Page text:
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  • Spanish Land Grant Register

  • Spanish Land Grant Certificate

  • Spanish Land Grant Certificate


Spanish Land Grants

Land Grants represent some of the earliest land transactions and establishment of title. At different times from the late 1600s to 1803, the French and Spanish governments swapped control of the land that became the Louisiana Purchase. After the Louisiana Purchase in 1803, one of the major issues was whether the United States government would recognize those land titles from the earliest settlers that were purchased from the French and Spanish. In March 1805, Congress passed legislation establishing rules and procedures for these titles to be confirmed or unconfirmed by appointed land commissions.


This Act declared that persons who actually inhabited and cultivated said property and had a duly registered warrant obtained from the French or Spanish governments on or before October 1, 1800, were considered to have complete claims and were confirmed. Incomplete claims were not to be confirmed unless proof could be provided that the terms and conditions on which the completion of the original grant might depend were fulfilled. Squatters who lived in the territory and didn’t have grants from either government, but were head of the household and cultivated the property, could also make claims. All notice of claims had to be recorded before March 1, 1806, or they were considered void. All land grants or claims that were established after October 1, 1800, were not to be recognized. This legislation created a very contentious process and led to bitter land disputes that often took years to resolve.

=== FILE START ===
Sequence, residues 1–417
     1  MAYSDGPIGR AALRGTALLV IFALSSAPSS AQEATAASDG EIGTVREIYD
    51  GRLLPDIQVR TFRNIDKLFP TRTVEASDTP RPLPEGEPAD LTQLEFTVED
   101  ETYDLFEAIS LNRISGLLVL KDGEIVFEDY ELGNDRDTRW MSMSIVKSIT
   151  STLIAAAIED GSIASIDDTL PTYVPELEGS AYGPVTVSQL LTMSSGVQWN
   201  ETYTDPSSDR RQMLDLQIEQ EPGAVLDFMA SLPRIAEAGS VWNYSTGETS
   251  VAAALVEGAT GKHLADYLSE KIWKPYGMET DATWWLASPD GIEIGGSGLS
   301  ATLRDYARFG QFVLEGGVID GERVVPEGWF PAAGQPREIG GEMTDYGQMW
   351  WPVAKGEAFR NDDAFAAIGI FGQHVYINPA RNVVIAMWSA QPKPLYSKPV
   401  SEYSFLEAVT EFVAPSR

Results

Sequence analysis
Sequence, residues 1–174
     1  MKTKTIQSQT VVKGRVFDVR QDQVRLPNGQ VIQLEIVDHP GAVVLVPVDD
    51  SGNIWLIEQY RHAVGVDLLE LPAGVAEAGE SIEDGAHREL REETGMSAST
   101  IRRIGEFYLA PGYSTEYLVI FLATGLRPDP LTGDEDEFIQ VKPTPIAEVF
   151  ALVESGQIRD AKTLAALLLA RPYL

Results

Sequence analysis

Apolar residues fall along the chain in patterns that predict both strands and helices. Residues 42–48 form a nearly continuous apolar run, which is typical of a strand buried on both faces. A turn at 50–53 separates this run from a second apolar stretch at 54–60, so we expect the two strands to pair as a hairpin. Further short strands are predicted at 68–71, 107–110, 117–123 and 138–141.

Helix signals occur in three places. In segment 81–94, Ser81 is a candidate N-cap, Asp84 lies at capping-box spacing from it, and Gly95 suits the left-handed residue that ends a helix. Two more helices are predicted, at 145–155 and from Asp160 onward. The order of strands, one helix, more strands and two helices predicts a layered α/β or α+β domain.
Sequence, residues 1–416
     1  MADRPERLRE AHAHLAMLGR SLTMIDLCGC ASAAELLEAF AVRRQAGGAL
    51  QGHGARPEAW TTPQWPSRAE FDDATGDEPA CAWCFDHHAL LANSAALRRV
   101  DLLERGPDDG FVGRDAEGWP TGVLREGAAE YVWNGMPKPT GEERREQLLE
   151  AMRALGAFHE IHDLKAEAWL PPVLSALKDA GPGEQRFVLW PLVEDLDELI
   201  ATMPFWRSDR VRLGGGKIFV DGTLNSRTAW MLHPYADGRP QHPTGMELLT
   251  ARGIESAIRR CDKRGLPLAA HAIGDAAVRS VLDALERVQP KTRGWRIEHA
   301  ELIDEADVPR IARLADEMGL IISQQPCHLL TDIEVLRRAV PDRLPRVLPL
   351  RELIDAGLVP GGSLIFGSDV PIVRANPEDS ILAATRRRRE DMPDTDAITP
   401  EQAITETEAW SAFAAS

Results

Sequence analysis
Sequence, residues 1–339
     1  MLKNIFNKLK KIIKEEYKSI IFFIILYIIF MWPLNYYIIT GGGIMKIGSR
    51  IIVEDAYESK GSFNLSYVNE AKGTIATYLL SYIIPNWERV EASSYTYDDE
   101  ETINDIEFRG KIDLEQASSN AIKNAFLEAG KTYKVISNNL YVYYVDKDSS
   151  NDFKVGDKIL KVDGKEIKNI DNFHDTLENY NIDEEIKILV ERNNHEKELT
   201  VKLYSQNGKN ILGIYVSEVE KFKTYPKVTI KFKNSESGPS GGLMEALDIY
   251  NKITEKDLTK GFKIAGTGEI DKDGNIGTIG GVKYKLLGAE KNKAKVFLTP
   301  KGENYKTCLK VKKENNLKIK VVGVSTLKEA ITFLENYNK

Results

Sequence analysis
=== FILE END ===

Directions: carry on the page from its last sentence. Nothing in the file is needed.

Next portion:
Helpful tips:


Register Book:

This has the claimants listed in alphabetical order. Many of the names listed were prominent citizens of the era. For example:

  • Chester Ashley-U.S. Senator (1844-1848) also namesake of Ashley County.
  • Robert Crittenden- Secretary of the Arkansas Territory (1819-1829) and Governor (1836-1840). Also namesake of Crittenden County and along with Chester Ashley co-founded The Rose Law Firm in Little Rock.
  • James Bowie-legendary frontiersman and defender of the Alamo. Namesake of the Bowie Knife and Bowie County, TX.
  • William E. Woodruff-Founder of the Arkansas Gazette and namesake of Woodruff County


Certificate Book:

When researching, notice that many will give a certificate number and a survey number. A proper survey was one of the requirements of having a valid Spanish Land Title and there is a sketch of the property drawn out for each claim. You will also notice the surveys are converting arpens into acres. An arpen was the French unit of land measurement and is approximately .85 acres. Additionally, in the margins you will see a B-Book & Bundle reference. This indicates where the original survey is located in the Louisiana Purchase Survey Field Notes.


Interesting Note:The correct spelling of arpen is actually "arpent". Only in documents originating from the Missouri Territory was the spelling shortened.